OMD has experienced incredible growth in its five years of existence, and it continues to grow organically as more and more communities learn about the program and want to come on board. Our growth strategy for the next 3 years includes five FTE paid staff members who will continue the momentum and sustainability into the future. As we look to the future, we are working to attract volunteers who reflect the communities we serve: volunteers of color, those identifying as LGBTQ, and those who speak second languages. We know when we pair a child with an adult who looks similar to them, the trust and connection is stronger.

It is impossible to track the impact that OMD volunteers have on children entering foster care, but we know that in the absence of a caring adult the risk of re-traumatization for that child is greatly increased. The stress level of social worker is also greater, causing higher employee turnover and even more disruption to the child. Moreover, recent ACES studies have shown the neurological impact when children who have undergone trauma are placed in the care of a trustworthy adult. As to the effectiveness within the communities where OMD exists, there is greater awareness and engagement, as well as more families becoming full-fledged foster parents.

The work we’ve accomplished in five years is extraordinary. Through hard work by an all-volunteer staff and all-volunteer board, we have opened 21 sites throughout Washington and Idaho with goals of adding several more sites in 2019 to serve as many as 720 children. Since we began in 2013, we have served more than 1,000 children through 5,000+ volunteer hours. OMD is poised to hire a paid Executive Director whose focus over the next 1-5 years would be to expand into 15 additional Child Welfare offices in Washington (focusing on Eastern and Northern parts of WA) as well as building sustainability for the model through increased exposure, fundraising, and innovative funding models. OMD recently received a grant from the Murdock Charitable Trust to build a sustainable fundraising strategy, and the work of the Executive Director would be to expand upon that momentum starting July 1, 2019.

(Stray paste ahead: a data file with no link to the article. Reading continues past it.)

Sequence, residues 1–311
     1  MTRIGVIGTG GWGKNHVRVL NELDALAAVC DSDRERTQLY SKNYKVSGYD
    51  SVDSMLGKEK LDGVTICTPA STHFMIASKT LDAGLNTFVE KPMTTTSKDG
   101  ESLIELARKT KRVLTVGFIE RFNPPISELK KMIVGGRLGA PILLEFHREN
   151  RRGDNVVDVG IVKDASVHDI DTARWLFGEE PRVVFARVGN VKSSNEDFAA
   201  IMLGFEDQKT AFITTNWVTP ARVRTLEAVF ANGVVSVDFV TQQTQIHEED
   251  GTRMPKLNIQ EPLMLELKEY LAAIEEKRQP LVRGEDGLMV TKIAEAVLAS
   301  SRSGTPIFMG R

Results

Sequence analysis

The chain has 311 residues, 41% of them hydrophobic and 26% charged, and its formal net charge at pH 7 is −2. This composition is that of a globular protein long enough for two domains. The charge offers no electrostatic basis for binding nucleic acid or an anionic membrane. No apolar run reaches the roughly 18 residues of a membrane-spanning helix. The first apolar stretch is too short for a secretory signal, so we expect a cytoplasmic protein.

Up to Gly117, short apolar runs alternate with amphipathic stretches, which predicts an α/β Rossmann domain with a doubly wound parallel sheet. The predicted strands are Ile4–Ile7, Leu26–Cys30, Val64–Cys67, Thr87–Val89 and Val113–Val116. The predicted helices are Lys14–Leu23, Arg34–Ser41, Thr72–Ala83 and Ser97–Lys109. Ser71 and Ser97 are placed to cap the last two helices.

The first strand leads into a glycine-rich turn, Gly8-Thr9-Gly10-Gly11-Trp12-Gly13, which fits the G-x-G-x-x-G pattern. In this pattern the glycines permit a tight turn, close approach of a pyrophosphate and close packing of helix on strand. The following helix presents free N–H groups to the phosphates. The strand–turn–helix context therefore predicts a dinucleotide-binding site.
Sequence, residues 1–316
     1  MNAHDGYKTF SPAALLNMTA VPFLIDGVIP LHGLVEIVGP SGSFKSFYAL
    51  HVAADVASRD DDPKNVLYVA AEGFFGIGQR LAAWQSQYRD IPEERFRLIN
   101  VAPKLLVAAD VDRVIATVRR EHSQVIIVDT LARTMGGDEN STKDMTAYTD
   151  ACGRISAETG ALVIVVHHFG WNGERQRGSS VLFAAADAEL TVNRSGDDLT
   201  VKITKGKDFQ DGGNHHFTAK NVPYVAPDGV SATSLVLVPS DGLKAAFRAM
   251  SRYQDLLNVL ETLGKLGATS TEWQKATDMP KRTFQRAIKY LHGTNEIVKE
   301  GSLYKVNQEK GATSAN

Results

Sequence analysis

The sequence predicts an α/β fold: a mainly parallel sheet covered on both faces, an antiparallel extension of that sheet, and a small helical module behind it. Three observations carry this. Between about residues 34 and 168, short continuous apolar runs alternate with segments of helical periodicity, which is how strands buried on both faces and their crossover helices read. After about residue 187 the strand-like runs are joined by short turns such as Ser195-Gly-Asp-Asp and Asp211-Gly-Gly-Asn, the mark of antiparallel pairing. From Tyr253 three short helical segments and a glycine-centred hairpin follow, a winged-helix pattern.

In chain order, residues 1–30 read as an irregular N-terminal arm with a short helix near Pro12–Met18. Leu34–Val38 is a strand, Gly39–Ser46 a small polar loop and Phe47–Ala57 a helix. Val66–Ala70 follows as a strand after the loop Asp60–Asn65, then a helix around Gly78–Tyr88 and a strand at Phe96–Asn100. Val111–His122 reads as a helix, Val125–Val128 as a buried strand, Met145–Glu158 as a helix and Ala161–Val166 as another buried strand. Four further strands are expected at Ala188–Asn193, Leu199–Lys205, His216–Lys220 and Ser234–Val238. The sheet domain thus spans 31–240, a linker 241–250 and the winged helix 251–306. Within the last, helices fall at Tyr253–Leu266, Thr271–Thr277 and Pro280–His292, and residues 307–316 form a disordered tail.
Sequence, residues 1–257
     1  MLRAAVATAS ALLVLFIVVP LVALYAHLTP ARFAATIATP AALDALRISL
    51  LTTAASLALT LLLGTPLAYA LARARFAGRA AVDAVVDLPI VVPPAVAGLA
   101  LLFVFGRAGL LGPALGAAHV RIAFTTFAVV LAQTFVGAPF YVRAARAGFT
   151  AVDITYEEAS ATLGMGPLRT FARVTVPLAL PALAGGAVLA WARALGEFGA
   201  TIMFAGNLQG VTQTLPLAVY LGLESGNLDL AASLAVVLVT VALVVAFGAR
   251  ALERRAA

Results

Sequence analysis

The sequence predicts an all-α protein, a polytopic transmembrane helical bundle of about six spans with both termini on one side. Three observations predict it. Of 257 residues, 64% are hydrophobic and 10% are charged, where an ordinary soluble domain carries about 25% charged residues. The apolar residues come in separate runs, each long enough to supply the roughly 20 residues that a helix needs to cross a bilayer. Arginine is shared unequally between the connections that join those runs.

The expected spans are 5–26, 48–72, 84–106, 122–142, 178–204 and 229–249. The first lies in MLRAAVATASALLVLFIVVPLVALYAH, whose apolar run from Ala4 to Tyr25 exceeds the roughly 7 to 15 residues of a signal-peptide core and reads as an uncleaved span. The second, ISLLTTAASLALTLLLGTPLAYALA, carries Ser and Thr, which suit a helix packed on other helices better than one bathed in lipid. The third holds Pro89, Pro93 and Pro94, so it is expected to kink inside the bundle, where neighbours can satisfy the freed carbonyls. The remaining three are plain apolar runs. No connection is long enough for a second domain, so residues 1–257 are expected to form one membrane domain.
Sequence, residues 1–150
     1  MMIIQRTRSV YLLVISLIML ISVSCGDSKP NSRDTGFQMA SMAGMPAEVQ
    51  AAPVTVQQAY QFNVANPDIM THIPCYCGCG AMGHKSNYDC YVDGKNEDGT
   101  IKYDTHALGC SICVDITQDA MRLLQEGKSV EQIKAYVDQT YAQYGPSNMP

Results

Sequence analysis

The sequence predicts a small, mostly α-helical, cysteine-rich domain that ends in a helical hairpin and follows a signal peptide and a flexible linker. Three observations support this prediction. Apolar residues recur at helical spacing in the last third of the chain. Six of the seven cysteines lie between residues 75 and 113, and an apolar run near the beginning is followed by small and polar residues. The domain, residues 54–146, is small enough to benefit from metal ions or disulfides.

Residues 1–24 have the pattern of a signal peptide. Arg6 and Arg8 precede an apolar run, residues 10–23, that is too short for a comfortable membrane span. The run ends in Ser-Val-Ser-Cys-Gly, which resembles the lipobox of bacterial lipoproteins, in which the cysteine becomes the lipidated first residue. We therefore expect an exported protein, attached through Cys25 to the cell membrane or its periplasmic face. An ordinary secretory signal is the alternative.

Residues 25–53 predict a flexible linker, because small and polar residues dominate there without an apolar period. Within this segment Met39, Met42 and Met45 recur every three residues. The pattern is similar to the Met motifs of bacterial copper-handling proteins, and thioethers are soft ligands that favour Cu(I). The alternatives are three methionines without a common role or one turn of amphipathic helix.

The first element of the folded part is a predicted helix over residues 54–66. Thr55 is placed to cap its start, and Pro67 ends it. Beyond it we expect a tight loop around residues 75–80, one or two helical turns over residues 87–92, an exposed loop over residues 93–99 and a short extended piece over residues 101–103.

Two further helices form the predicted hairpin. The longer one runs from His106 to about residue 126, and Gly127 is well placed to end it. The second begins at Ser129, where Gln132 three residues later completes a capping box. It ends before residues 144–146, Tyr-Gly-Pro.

External Reviews

Financials

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  • Forms 990 for 2016

Operations

The people, governance practices, and partners that make the organization tick.

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Board Leadership Practices

GuideStar worked with BoardSource, the national leader in nonprofit board leadership and governance, to create this section, which enables organizations and donors to transparently share information about essential board leadership practices.

SOURCE: Self-reported by organization

BOARD ORIENTATION & EDUCATION

Does the board conduct a formal orientation for new board members and require all board members to sign a written agreement regarding their roles, responsibilities, and expectations?

No

CEO OVERSIGHT

Has the board conducted a formal, written assessment of the chief executive within the past year?

No

ETHICS & TRANSPARENCY

Have the board and senior staff reviewed the conflict-of-interest policy and completed and signed disclosure statements in the past year?

No

BOARD COMPOSITION

Does the board ensure an inclusive board member recruitment process that results in diversity of thought and leadership?

No

BOARD PERFORMANCE

Has the board conducted a formal, written self-assessment of its performance within the past three years?

No